Balance of Power


If the endless emergency taught us anything it is that our governor has too much power. As people start announcing their run for governor many are wondering who is willing to address balance of power. One man should not be able to rule all three branches of Louisiana’s government.

The Endless Emergency

For two years one man ruled over Louisiana. He decided which businesses would survive his emergency. Because of his abuse of power, thousands of high school seniors did not get to walk across a stage for graduation. He insisted citizens stay home while he had parties and lived his life. It took two years for John Bel Edwards to admit that ending the emergency would not end federal funding.

Initially Louisiana’s governor said “two weeks to flatten the curve”. That morphed into “slow the spread”. Next thing we knew, he and his team were bribing and coercing people into vaccinations. Now his appointed Department of Health person is using children to peer pressure others into getting a a shot. It should be left to parents to decide what is best for their children.

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Representative Blake Miguez

The next Governor should work with the legislature to ensure a proper balance of power between the separate branches of government during times of extended emergencies. Many understand the need for a Governor to have extraordinary powers during an emergency to provide stability on a short term basis. But when these powers are extended long term, citizens’ constitutional rights become threatened when their voices are silenced. The voice of the people as spoken through their elected legislature should never be silenced in a democratic republic. -Representative Blake Miguez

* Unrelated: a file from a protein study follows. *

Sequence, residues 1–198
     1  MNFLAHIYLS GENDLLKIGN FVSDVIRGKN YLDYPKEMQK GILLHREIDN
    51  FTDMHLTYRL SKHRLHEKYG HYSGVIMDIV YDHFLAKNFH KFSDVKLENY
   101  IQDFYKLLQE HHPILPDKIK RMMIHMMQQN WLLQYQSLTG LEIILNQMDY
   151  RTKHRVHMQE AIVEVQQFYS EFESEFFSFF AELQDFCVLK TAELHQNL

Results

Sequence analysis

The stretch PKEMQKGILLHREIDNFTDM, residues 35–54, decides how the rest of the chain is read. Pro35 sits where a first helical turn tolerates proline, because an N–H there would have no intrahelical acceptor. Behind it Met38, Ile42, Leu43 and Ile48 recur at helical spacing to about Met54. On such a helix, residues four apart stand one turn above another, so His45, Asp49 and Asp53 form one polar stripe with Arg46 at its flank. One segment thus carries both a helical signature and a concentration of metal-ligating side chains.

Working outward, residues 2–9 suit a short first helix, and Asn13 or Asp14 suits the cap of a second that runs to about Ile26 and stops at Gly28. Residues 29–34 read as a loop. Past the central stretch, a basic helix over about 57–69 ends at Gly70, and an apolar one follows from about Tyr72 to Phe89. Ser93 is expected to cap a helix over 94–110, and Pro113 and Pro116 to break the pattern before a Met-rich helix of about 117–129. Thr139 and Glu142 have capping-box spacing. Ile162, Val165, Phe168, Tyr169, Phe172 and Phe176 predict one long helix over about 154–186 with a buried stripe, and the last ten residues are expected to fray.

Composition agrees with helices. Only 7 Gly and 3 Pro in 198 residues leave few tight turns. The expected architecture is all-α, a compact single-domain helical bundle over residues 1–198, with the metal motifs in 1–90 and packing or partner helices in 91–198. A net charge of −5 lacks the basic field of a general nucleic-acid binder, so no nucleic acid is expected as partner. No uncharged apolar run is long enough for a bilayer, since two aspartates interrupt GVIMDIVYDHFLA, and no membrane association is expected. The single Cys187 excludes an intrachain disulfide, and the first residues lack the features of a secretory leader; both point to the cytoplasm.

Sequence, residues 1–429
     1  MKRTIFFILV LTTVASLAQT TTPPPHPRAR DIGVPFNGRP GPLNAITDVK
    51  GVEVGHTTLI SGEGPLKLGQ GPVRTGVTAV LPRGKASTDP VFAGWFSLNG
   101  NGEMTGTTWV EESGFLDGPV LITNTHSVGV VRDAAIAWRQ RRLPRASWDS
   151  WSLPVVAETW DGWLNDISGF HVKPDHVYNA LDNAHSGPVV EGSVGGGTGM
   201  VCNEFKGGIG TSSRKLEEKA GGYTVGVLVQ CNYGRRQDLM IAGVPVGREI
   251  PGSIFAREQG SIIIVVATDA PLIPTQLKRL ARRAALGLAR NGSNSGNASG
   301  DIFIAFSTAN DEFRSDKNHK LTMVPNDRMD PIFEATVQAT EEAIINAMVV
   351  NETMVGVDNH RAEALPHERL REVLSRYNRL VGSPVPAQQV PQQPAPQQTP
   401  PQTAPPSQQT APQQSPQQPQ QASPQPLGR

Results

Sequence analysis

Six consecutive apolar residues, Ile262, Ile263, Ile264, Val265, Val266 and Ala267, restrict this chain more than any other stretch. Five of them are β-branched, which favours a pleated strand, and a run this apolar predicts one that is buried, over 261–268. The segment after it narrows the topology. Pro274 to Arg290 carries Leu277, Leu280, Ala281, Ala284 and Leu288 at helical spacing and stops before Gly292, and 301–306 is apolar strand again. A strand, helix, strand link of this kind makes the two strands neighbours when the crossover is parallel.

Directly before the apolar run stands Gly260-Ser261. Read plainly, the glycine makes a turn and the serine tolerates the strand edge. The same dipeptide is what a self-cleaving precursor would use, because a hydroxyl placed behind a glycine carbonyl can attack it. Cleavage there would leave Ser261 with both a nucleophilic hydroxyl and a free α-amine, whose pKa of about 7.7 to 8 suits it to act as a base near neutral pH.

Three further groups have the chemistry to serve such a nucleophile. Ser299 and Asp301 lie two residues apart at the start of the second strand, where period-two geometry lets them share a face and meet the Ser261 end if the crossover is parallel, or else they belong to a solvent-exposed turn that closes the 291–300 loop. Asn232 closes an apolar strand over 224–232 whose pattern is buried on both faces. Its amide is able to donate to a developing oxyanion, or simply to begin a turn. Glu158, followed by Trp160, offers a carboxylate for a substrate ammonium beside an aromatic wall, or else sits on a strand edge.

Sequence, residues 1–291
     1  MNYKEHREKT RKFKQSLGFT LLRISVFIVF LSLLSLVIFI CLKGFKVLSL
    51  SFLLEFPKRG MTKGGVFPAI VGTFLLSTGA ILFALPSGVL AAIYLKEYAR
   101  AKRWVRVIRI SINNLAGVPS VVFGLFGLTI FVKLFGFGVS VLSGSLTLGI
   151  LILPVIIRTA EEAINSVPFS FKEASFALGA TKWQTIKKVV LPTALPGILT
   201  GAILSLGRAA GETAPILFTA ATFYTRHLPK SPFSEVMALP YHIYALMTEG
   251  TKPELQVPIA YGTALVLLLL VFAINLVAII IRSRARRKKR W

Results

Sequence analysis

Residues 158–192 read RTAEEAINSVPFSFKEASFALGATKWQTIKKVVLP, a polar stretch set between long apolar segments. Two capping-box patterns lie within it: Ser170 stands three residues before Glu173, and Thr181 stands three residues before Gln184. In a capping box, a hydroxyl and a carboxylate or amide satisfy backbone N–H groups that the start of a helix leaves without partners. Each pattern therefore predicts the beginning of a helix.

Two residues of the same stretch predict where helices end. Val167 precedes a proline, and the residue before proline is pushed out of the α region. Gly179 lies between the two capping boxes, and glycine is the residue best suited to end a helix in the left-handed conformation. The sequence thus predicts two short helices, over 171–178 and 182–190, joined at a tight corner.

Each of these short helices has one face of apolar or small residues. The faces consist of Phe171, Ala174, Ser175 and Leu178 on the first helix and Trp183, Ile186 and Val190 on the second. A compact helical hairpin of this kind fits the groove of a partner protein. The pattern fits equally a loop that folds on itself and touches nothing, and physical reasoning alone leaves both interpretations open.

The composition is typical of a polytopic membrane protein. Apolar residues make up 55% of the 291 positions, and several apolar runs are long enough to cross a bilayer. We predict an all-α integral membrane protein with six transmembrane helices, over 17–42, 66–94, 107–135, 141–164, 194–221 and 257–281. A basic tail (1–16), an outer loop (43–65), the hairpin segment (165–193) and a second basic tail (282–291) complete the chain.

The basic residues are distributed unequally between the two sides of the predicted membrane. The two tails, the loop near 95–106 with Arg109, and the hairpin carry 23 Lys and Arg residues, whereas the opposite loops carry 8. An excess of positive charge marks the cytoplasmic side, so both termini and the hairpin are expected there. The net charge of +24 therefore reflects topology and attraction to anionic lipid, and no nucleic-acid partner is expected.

The governor Controls Louisiana Students

Another way the governor controls Louisiana is through his BESE appointments. The governor appoints three of the eleven members. BESE called the shots on mandates in public schools. Of course, their rules matched the governor’s wishes.

Few schools went against these mandates. Their attorneys, Hammonds, Sills, Adkins, Guice, Noah, & Perkins LLC advised against it. The concern was liability. Representative Buddy Mincey reinforced the fear of liability with House Bill 59 in 2020’s First Extraordinary Session.

“New law prohibits a public school governing authority from adopting a policy, rule, or regulation that imposes a lesser standard than what is prescribed in a rule or regulation adopted by the State Board of Elementary and Secondary Education, in accordance with the Administrative Procedure Act.”